Increase business profits without taking on debt

Increase profits without debt

Many modern IT and computer business owners feel they are under pressure to continually grow their business, to increase  turnover year on year. Governments, banks, finance houses, equity investors. Borrow, invest, grow. If you're not continually taking on more clients, more staff, generating more income, you're a failure and will end up sleeping in the park. That's the old cliche. but is it always the truth?

In my view, no. The obsession with top line - turnover - at the expense of profit is a fundamental error. Borrowing extra funds at a high interest rate, taking on staff or clients for the sake of 'growth' might well be a worthwhile strategy in certain circumstances. If you're looking to float your business, for example. For most though, taking on debt without a thorough, workable plan for boosting profitability is a problem. Not just for individual businesses and owners, in terms of debt and more work for no benefit. It might even help explain some of the UK's productivity issues.

Productivity is a measure of economic performance that compares the amount of goods and services produced (output) with the amount of inputs used to produce. Inputs include workers time and wages.

'UK productivity is lower than in France, Germany and United States – and almost all of this gap is due to a lack of investment in capital and skills, new analysis from the London School of Economics and Political Science shows.'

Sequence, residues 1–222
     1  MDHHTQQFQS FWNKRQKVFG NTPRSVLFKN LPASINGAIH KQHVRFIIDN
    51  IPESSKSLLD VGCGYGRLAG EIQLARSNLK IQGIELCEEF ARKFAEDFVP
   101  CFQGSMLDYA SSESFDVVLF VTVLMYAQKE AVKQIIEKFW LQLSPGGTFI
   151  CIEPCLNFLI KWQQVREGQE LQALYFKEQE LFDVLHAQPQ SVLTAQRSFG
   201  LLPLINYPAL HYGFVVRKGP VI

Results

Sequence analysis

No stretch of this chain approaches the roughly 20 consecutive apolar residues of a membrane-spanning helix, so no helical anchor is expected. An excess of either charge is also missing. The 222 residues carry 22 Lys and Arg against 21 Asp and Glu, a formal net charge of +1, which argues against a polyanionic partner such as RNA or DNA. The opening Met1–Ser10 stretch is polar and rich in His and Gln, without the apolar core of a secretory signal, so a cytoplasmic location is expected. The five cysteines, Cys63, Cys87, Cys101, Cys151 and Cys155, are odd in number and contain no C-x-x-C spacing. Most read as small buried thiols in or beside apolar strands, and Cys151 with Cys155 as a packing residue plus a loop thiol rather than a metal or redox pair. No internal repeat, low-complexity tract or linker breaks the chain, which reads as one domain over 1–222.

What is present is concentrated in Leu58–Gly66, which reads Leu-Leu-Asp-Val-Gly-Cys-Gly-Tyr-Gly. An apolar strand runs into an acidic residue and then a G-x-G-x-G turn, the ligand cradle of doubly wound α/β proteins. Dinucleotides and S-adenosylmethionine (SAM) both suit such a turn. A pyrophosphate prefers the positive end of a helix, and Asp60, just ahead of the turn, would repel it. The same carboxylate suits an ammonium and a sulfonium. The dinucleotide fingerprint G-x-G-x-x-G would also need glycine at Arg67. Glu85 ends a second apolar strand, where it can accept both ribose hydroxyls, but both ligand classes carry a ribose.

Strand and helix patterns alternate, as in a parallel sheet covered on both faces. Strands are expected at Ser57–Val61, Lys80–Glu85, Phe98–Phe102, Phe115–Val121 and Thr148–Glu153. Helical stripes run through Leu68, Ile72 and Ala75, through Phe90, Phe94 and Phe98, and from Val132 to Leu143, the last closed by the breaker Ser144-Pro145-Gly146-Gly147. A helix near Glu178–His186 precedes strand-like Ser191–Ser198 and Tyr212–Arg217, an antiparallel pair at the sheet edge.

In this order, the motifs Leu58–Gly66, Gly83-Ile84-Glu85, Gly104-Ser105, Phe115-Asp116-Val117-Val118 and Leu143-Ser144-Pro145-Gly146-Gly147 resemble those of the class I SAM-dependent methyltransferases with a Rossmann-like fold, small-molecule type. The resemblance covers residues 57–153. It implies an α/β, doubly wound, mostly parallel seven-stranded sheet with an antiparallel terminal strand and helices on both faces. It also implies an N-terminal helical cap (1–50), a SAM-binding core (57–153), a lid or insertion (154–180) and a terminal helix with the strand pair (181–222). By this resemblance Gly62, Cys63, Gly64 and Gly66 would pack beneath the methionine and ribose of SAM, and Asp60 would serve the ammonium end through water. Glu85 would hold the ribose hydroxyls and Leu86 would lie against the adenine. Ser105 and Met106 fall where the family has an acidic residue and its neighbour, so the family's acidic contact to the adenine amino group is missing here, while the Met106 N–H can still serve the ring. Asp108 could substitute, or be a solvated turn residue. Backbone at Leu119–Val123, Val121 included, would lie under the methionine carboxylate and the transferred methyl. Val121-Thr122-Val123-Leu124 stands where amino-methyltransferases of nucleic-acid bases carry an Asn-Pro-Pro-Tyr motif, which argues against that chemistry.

From the LSE

If you're running a business that doesn't have a constant flow of work to keep staff busy long term but is simply trying to grow by increasing headcount, hoping the increased business will follow organically, will not be as productive as it could be. As a simple example, a business consisting of two people making £50k profit is twice as productive as the same business employing 4 people.

'Of course', the banks will say, 'that's a temporary situation'. Well, it is IF you have a realistic plan to bring in enough business to keep 4 people busy long term. If not, and you have a temporary spike in demand, you might well be better off taking on temporary staff or using sub contractors. Look to share costs and collaborate with other businesses.

Rather than taking on debt, increasing headcount and marketing spend, you might be better off concentrating on taking steps to improve productivity. Some investment may still be required  in terms of ensuring equipment is up to scratch and that your staff are well trained for their roles but social and cultural issues can have a huge impact. Most people know all about 'presenteeism' and the pressure to appear occupied, even when there's nothing productive to be done. Take a step back and look at how your business works day to day.

The key is to remember that you're running your business, not the other way around. If you decide to expand, make sure you have a  plan to enhance your profitability. That is the key. Concentrate on the bottom line, not the top. Don't fall into the growth-for-the-sake-of-it trap.


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